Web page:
A team from the Department of Genetics at the UB's Faculty of Biology has discovered a new factor -- a noggin-like gene -- that plays a key role in controlling the pathway responsible for dorsoventral symmetry in animal phylogeny. The findings have been published in the journal Current Biology by the experts M. Dolores Molina, Ignacio Maeso, Emili Saló and Francesc Cebrià, from the UB's Department of Genetics and Institute of Biomedicine (IBUB), and Ana Neto and José Luis Gómez-Skarmeta, from the Andalusian Centre for Developmental Biology, operated by the Spanish National Research Council (CSIC).
The planarian (Schmidtea mediterranea), a bilaterally symmetrical basal invertebrate, is a common model used in studies of cell regeneration, organogenesis, dorsoventral symmetry and stem cell regulation. The article describes a newly identified noggin-like gene in planarians that antagonizes the activity of the bone morphogenetic protein (BMP), a key factor in determining the dorsoventral axis in animal species. "We have produced the first description of noggin-like genes, factors that had not been characterized until in any animal model and which have a surprising function: they promote BMP activity, in contrast to the inhibitory action of noggin genes," says Francesc Cebrià, who explains that, "We also show that noggin-like genes are present at all levels of the phylogenetic scale in vertebrates and invertebrates, and that they differ from noggin genes essentially due to the presence of a small amino acid insertion in the functional domain." The study also presents the first evidence of noggin-mediated inhibition of the BMP pathway in planarians.
The paper, published in Current Biology, sheds new light on the control mechanisms of three-dimensional organization models in animal phylogeny. Emili Saló, director of the UB's Developmental Biology and Genetics Research Group, explains that, "With the discovery of noggin-like genes, planarians have again shown their usefulness as a model for studying the preservation of biological mechanisms throughout the evolutionary process in animal species."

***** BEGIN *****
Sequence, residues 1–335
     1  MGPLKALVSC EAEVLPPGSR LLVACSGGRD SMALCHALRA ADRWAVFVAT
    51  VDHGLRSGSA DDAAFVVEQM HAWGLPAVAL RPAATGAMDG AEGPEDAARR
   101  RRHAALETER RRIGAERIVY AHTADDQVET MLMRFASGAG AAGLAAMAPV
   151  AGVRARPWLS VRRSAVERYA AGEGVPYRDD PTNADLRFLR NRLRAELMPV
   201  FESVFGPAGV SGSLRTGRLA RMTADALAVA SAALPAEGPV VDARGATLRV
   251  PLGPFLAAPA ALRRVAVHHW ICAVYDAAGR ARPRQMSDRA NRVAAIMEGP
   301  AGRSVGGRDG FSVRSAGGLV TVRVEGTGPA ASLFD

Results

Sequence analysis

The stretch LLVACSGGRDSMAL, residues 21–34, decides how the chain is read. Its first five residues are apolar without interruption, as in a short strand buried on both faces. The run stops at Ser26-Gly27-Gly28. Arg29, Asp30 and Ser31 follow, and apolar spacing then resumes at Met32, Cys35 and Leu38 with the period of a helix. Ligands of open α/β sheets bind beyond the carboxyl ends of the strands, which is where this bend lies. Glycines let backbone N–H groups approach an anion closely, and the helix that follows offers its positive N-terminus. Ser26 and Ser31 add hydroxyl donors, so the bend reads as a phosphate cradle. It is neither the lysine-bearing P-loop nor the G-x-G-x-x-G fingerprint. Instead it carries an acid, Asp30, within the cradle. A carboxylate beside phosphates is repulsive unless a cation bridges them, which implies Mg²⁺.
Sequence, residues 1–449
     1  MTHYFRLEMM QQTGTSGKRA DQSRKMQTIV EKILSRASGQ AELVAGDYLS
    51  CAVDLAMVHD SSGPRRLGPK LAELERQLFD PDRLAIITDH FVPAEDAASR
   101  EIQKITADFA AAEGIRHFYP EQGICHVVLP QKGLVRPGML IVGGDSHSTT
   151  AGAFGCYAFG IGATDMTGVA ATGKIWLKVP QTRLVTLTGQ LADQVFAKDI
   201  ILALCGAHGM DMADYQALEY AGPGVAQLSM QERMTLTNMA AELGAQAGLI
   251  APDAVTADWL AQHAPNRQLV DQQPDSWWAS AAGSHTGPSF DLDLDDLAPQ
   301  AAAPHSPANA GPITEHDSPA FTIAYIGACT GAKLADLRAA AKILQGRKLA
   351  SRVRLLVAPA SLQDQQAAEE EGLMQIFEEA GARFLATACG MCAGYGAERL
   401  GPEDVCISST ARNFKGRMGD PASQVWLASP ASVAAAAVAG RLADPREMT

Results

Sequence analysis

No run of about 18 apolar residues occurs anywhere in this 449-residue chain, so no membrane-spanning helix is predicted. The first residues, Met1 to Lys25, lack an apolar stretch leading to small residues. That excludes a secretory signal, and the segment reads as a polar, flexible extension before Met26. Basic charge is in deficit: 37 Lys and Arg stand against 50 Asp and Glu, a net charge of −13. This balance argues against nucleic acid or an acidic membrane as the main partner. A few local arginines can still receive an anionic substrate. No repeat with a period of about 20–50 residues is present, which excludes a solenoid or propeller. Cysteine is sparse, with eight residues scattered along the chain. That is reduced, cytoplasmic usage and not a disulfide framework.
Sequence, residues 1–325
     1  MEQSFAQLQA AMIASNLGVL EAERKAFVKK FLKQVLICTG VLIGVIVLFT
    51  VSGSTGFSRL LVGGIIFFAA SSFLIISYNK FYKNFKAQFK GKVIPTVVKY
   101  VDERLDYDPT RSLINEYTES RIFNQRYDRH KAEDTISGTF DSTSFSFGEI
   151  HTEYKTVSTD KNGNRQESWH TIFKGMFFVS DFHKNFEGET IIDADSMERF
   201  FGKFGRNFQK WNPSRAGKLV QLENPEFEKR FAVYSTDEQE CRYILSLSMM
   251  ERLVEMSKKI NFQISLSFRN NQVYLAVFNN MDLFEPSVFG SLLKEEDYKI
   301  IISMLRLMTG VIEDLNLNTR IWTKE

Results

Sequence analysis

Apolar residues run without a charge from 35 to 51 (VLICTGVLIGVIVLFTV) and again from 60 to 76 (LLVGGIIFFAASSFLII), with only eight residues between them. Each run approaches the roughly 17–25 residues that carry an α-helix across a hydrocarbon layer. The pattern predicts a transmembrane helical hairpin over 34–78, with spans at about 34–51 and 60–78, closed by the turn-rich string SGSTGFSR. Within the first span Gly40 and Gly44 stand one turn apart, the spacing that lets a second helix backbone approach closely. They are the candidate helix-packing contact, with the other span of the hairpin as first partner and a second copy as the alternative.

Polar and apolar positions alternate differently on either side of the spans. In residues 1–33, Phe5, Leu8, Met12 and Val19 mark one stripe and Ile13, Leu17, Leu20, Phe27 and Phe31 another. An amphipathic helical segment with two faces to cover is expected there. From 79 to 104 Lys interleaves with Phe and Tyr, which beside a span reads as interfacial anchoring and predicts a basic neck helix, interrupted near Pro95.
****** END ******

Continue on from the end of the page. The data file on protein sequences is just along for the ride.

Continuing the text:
The study presents other new information that sheds greater light on one of the molecular pathways that controls dorsoventral symmetry patterns in animals. As Francesc Cebrià explains, "the process of dorsoventral axis regeneration in planarians is directed by a dual organizer formed by BMP and the anti-dorsalizing morphogenetic protein ADMP, the same as the process in the development of vertebrates such as frogs of the genus Xenopus." Cebrià highlights that, "This is the first scientific study to identify the ADMP protein in invertebrates with a function equivalent to that observed in vertebrates," explaining, "This confirms the high degree of conservation of these mechanisms in biological evolution."
The identification in planarians of this pathway shared with vertebrate species gives weight to the theory of an ancestral origin for control of the BMP/ADMP organizer. M. Dolores Molina, a doctoral student from the Department of Genetics and the study's first author, explains that, "In Xenopus and planarians, this BMP/ADMP organizer has the same biological function. However, there is an inversion of the dorsoventral axis between invertebrates and vertebrates, meaning that BMP and ADMP induce ventralization in Xenopus and dorsalization in planarians." Evidence suggests that the activation and inhibition mechanisms that control this organizer in planarians are similar to those described in Xenopus,but extensive work will be required to confirm these hypotheses.
Planarians are also a common biological model for basic research into stem cells and their potential application in regenerative medicine. Unlike the cases of other organisms, in planarians the mechanisms of morphogenesis and dorsoventral patterning remain active throughout the life span. Planarians also conserve a population of undifferentiated cells (neoblasts) that are ideal for in vivo study of the mechanisms of control and proliferation of stem cells. As Emili Saló explains, "Almost 25% of the total cell population in planarians is made up of stem cells, which are potential tumour cells, so regulation of the proliferation of these cells must be strictly controlled." Future research will focus on more detailed study of these regulation pathways to give greater insight into cell differentiation in more complex systems.
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